• Every five minutes, ask your child to describe the pinecones.  You can use the ruler to measure it again, or the paper to sketch the changes you see.
    • Note: allow around 20 minutes to see both pinecones in water close.  
  • Sunday, September 04, 2016 11:57 AM | Deleted user

    Adapted from Buggy and Buddy.sew the edges of the apple with yarn


    • Brown paper bag (or any paper you’d like to use)
    • Manila File Folders or sturdy paper to make a tracer
    • Scissors
    • Pencil
    • Paint (We used BioColor Paint because of its versatility, and I love that it has no odor.)
    • Sponges
    • Old newspaper or crinkle cut paper for stuffing
    • Stapler or hole punch with yarn
    • Brown and green construction paper
    • Glue (We used glue dots, but you could also use any liquid glue.)


    1. Cut up an old paper shopping bag so it’s flat.

    2. Make an apple tracer by drawing a large apple on an old manila file folder or other sturdy paper and cut it out. (Make sure it’s symmetrical. This will make it much easier when assembling the apple.)

    3. Help your child trace two apples (for the front and back) on the brown paper bag. Cut out the apples.

    4. Now it’s time to paint! Place your paint and sponges on the table. (Lucy decided on the colors red, green, and yellow). Put your cut-out apples onto some newspaper or other paper you don’t mind getting paint on.

    5. Sponge paint the apples. We had fun trying out different color combinations! 

    6. Set the apples aside to dry.

    7. Once the apples are dry, it’s time to stuff them! First, you’ll want to take the front and back of your apple and secure them together, leaving a little hole to stuff. You can secure them by either stapling around the apple’s edge or punching holes and having your child lace around the apple’s sides.

    8. Stuff your apple through the little hole you left. (We used leftover crinkle cut paper we had from gift wrapping, but you could also use torn up newspaper.)

    9. Once you’re done stuffing your apple, close the hole either by stapling it or finishing the lacing around the edge.

    10. Cut out a brown stem and green leaf from your construction paper and glue them to your apple. You’re finished!

  • Sunday, September 04, 2016 11:50 AM | Deleted user

    I confess that this is a #tbt to last year at this time.  But our family is doing it again this year so I thought I'd repost!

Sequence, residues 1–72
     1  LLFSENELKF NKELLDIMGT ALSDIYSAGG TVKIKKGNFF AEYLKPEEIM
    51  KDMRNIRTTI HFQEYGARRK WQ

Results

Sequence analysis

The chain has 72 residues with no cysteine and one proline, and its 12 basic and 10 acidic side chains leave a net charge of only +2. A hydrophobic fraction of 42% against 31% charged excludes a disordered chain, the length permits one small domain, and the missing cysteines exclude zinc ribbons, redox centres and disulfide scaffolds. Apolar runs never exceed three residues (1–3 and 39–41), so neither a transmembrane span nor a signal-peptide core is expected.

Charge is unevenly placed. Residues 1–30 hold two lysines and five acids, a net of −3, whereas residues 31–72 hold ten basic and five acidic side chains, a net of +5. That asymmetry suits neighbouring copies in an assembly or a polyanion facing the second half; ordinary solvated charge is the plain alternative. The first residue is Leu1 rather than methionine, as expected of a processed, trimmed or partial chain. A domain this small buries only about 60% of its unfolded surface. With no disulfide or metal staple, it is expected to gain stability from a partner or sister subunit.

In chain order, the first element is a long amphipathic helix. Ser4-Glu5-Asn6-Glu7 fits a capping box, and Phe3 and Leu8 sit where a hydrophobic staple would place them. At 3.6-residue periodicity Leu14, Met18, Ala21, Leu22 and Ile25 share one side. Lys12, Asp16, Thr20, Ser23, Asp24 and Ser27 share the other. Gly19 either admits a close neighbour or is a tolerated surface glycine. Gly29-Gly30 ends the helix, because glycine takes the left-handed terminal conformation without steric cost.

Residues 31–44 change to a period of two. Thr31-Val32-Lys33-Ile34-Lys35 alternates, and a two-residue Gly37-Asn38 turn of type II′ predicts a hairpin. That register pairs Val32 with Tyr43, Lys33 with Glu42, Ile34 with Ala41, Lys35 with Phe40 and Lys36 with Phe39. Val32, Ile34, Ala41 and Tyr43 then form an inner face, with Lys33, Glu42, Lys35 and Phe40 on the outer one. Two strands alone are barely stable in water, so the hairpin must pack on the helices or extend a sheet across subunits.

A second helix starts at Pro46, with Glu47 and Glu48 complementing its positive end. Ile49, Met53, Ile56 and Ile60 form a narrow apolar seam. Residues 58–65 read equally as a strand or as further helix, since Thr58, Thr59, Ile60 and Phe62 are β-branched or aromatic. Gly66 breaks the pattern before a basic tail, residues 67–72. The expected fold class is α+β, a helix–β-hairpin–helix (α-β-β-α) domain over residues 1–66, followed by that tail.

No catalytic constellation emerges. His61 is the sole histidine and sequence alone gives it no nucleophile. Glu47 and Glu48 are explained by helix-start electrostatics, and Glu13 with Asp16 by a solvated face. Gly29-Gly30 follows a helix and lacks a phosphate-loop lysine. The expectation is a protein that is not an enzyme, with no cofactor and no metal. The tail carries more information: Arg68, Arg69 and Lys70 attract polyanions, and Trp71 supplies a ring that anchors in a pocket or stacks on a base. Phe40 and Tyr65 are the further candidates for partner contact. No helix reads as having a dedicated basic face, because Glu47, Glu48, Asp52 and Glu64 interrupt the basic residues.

This is a delicious science experiment!  Our family has discovered a new favorite variety of apple through this activity--Pinata apples!


    • Five different kinds of apples
    • Large platter
    • Plates for all participants
    • Come up with a way to keep track of which variety of apple is which. You can eyeball it if they all look different or come up with a way of labeling them.
    • Start by asking your child to describe the apples.  Are they all the same colors or different colors?  What colors are they?  Are any speckled or streaked?  Are they round or square?  Are they wide or tall?
    • Ask your child to predict (make a hypothesis) about which variety he/she will like the best.  Why do you think that?  Based on color?
    • Taste the apples!  Everyone should the taste the apples in the same order.
    • As you taste a variety, ask your child to describe it.  Is it sweet or sour?  Do you like it or not?  Is that what you expected it to taste like?
    • Ask everyone to vote for a favorite apple.  Compare these results to the predictions.

    Bonus points if you pick the apples yourself first!  Join us for apple picking at Brooksby Farm.  Check out the calendar for more info.

  • Monday, August 01, 2016 1:45 PM | Deleted user

    Adapted from I Can Teach My Child


    • Green construction paper
    • Marker
    • A paper plate
    • Scissors
    • Glue Stick


    1. Cut 2 pieces of green construction paper in half.  Fold each of the halves.
    2. Make a leaf design, being sure that the widest end of the leaf ends directly on the fold.  If you child is old enough, let him/her cut out the leaves.
    3. Fold a paper plate in half and trim about 1-2 inches away from the edge of the plate.
    4. Let your child rub some glue on the paper plate ring.
    5. Unfold the leaves and quickly place them on the glue.